26th Sunday in Ordinary Time A - 1 October 2023  

This week’s parable is a very good one to reflect on even though it is fairly short in length. Jesus is speaking to the chief priests and the elders of the people and He asks them their opinion as He proceeds to tell them a story. Like another familiar story, this one begins with a man who has two sons. The first disobeys his father when asked to go to the vineyard but then changes his mind and goes. The second one is asked to do the same thing and agrees but then is a ‘no-show’. 
Jesus then asks the question, ‘Which of the two did the father’s will?’ This is easy to answer – or so they think – and they say the first one. However, they are in for a shock because Jesus then goes on to tell them that sinners – tax collectors and prostitutes – will enter the kingdom of God before them, the supposed respectful people of the community. He says that they have had the example of John the Baptist but that they have not followed it whereas the sinners have listened and believed him. Having seen their example, the chief priests and elders have still not changed and come to believe in John. 
One of the important things to note in this week’s Gospel is how the first son had a change of heart. Although he refused at first to do what his father wanted, he changed his mind. It is not always easy to change one’s mind or one’s stance. It takes courage, too, to admit that we are wrong or that we have made a mistake. I am sure we can think of examples in our own lives when we have realised that we have made a wrong choice and we have reversed our decision. We can be very quick to criticise others for changing their minds or their decisions but we should not judge them as usually we don’t know the full circumstances. There are many saints – in heaven and on earth – who have reversed not just their decisions but their whole lives. Saint Paul, Saint Oscar Romero and St. Augustine come readily to mind.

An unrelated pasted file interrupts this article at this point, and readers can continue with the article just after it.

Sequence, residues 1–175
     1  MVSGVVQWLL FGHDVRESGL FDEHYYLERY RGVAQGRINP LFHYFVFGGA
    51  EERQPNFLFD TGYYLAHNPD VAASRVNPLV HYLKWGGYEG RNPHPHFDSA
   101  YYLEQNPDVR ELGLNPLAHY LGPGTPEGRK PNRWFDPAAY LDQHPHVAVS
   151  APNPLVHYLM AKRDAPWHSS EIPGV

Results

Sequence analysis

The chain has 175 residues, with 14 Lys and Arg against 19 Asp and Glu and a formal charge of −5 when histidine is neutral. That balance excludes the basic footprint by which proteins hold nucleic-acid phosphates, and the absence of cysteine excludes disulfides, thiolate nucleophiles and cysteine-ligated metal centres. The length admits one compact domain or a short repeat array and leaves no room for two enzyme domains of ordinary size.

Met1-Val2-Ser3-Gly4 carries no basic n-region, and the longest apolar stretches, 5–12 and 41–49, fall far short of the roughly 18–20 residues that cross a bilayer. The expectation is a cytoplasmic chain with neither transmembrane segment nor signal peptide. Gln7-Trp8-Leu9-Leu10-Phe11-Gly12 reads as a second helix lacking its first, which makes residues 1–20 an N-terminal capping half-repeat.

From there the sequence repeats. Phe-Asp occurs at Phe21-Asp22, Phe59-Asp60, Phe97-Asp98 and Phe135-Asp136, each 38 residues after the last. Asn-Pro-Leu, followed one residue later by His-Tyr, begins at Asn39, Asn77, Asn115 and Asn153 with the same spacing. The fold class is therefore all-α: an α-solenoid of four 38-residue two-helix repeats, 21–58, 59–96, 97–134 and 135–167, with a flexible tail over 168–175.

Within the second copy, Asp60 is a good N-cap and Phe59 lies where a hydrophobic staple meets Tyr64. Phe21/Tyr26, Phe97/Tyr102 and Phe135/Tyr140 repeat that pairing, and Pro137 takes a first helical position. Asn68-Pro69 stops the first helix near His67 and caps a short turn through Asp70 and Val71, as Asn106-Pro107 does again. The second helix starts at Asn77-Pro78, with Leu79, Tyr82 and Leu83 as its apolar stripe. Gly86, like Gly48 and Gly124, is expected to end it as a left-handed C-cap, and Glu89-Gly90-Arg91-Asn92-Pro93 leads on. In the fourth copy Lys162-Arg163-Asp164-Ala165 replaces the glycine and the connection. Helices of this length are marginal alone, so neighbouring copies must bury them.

This week’s Gospel gives us an opportunity to reflect on decisions we have made. We must look honestly at them and if they are not the right ones, we must have the courage to change them. We can pray for the courage to do this and I am sure our prayers will not go unanswered. 
Sr. Margaret Mattison 
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